by Kevin Wilson
by Kevin Wilson
The ARG, the video trailer, and the website have done an excellent job giving everyone a first look at the world of Android, but now it’s time to talk turkey (appropriately enough, given the time of year) and start delving into game mechanics.
Android is a competitive strategy game for 3–5 players and is playable in 2–4 hours. In it, players take on the role of one of five unique New Angeles detectives investigating an important murder. However, just solving the murder won’t always win you the game. The detectives also try to uncover the conspiracy behind the latest rash of killings and deal with pressing issues from their personal lives as well. The player who best juggles those three things – in effect making the best ‘movie’, wins the game.
For now, let’s talk about solving the murder.
At the start of the game, each detective is dealt a guilty and an innocent hunch card. These cards represent your hunches about the case, and for each of your hunches that turns out to be correct, you’ll receive some points at the end of the game. So, for example, you might receive Mark Henry’s innocent hunch and Vinnie the Strangler’s guilty hunch. If Mark Henry turns out to be innocent, you’ll receive 5 VP. If Vinnie the Strangler turns out to be guilty, you’ll receive 15 VP. It’s possible that you’ll receive both the guilty and the innocent hunch for the same suspect, but that’s okay. It just means that you’re obsessed with that suspect. In that case, if you can prove the suspect not only guilty, but really guilty, then you’ll receive points for both of your hunches, and a small bonus besides.
But how, you may ask, do you prove that a suspect is guilty? Well, to explain that, I’ll have to talk a little bit about the turn structure first. On a player’s turn, he receives a certain amount of Time that he can spend to do things. The two most common actions are moving around the board and following up leads.
Now, if you’ve looked at the pictures of the game map that have been floating around, you may have noticed that there are a number of locations on the map, but only a couple of them are actually connected in any way. So how do you move between unconnected locations? Well, in the world of Android, most non-cargo vehicles fly, so the detectives don’t have to worry about following the roads. Instead, each detective receives a vehicle ruler. These rulers have a picture of the detectives’ vehicles on them and show how far a detective can move by spending 1 Time. Here’s an excerpt from the rulebook explaining how that works.
Ok, that explains how to get around, but what about following up leads? Well, there are three types of lead markers in the game: documentary, physical, and testimonial. These are placed at various locations around the map and represent different types of evidence the detectives can find. Documentary evidence includes paperwork trails, security videos, and so on. Physical evidence includes DNA remnants, footprints, fingerprints, etc. Finally, testimonial evidence includes any testimony given by witnesses. By moving to a lead’s location and spending 1 Time there, a detective can follow up a lead. The lead is then moved by the player on the detective’s right to a new location of the same color while the detective draws a piece of evidence from the evidence pool and places it on a suspect of his choice.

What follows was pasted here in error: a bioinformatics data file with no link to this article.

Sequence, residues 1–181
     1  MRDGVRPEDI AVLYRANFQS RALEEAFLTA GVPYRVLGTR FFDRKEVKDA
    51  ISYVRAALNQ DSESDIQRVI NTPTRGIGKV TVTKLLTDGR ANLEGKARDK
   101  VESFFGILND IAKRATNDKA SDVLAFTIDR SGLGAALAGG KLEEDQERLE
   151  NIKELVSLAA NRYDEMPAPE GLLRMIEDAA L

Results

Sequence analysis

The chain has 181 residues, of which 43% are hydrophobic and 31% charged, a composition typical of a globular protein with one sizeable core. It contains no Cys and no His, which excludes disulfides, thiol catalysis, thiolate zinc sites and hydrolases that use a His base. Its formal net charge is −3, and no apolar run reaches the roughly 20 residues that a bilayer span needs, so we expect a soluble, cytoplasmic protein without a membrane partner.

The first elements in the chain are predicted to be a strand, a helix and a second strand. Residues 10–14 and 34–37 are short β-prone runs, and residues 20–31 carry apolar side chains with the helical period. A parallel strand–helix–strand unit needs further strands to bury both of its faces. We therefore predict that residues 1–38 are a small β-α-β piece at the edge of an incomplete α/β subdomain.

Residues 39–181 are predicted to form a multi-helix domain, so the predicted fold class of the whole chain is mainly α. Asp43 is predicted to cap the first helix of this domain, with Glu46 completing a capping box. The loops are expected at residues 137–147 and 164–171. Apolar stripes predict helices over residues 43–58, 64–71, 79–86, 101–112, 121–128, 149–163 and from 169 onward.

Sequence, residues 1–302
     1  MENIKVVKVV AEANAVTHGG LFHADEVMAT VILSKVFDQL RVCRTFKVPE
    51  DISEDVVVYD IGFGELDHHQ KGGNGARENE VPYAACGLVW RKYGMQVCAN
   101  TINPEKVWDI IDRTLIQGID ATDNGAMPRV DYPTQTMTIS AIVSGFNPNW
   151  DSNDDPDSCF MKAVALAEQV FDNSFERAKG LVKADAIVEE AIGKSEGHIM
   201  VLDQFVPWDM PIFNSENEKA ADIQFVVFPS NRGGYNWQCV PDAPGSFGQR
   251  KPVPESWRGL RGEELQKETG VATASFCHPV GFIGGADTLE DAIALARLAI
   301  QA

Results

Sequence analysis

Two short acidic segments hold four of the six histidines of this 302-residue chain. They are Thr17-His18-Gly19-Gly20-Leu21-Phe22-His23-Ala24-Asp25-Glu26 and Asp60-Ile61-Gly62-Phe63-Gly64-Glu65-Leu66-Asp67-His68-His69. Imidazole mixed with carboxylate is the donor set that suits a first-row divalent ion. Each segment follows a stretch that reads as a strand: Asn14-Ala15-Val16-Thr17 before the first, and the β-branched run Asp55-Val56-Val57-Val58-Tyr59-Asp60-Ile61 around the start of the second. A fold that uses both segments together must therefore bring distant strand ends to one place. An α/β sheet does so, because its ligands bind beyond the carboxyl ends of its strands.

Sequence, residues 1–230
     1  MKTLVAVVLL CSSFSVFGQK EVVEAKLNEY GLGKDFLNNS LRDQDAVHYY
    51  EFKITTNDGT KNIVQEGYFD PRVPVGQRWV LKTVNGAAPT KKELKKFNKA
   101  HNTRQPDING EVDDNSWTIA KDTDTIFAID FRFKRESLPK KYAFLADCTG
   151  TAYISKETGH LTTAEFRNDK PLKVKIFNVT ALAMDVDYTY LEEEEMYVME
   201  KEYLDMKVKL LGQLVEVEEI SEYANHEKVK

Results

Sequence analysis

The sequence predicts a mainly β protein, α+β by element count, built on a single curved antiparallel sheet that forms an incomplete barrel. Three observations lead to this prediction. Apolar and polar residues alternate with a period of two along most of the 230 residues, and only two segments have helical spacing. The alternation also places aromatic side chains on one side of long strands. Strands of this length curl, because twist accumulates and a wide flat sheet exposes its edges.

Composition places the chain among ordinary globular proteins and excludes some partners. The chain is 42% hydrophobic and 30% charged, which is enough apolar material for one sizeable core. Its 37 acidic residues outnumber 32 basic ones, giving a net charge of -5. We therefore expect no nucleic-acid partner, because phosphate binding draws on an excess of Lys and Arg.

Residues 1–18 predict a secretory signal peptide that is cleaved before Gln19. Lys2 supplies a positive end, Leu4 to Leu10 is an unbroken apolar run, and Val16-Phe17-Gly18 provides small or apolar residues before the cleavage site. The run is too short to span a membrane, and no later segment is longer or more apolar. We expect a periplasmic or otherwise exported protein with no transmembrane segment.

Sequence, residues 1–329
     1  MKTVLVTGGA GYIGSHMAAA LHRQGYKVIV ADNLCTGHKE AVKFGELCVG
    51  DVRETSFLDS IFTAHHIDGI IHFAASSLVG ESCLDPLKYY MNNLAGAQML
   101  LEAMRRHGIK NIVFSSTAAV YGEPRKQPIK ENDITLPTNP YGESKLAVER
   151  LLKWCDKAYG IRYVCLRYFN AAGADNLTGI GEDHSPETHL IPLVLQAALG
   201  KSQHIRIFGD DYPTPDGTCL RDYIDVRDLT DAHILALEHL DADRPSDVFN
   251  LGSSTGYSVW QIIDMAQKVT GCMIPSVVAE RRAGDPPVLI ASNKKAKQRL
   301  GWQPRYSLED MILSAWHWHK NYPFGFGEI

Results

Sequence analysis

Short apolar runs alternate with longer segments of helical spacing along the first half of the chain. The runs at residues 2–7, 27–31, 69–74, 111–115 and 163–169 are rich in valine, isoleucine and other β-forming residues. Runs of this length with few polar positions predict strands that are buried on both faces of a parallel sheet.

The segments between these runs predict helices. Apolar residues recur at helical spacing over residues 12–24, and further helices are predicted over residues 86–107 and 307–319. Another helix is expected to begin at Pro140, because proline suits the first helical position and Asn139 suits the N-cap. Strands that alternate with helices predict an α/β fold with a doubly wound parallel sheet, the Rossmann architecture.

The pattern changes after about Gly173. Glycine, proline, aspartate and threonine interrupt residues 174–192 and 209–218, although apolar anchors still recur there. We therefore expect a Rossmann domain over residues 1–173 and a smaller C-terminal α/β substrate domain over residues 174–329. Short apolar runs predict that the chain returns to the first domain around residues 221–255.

As you might expect, not all evidence is created equal for all suspects. Testimonial evidence is much less effective against Vinnie the Strangler than documentary evidence, for instance. After all, would YOU want to testify against someone named Vinnie the Strangler? To represent this, there are 3 areas on each suspect’s sheet called ‘files’. One for each type of evidence. The evidence type at the top of the sheet is strong against that suspect, while the evidence type at the bottom of the sheet is weak against that suspect. When you follow up a lead, you place the evidence you get from it in the corresponding file on the suspect of your choice (i.e. if you follow up a testimony lead, the evidence from it must go in a suspect’s testimony file).
On top of that, each individual piece of evidence ranges in importance. This is represented by its value, which ranges from –4 to +5 (there are also some special pieces of evidence, but I won’t get into that). The higher the value, the more incriminating the evidence (with negative evidence actually working against the case against a suspect). Since evidence is normally placed facedown on a suspect sheet, this helps the players conceal which suspect they’re trying to convict. Why does that matter? Well, the players can arrange for suspects to be killed, and if a suspect gets bumped off, neither of his corresponding hunches pays off!
At the end of the game, the murderer is the suspect with the highest total value of evidence placed on him. This is modified a bit by strong and weak evidence, as shown in the example from the rulebook below.
Investigating the murder adds an important bluffing element to Android, and provides a framework for everything else that goes on in the game. But the question remains, since you’re controlling where the evidence goes: Are the detectives discovering evidence, or are they planting it? Well, that depends on what you want to believe about your detective. In Android, there’s no easy black and white answer – only shades of grey.
That’s all for now. Thanks for reading! Next time, join me as we piece together the conspiracy behind the scenes...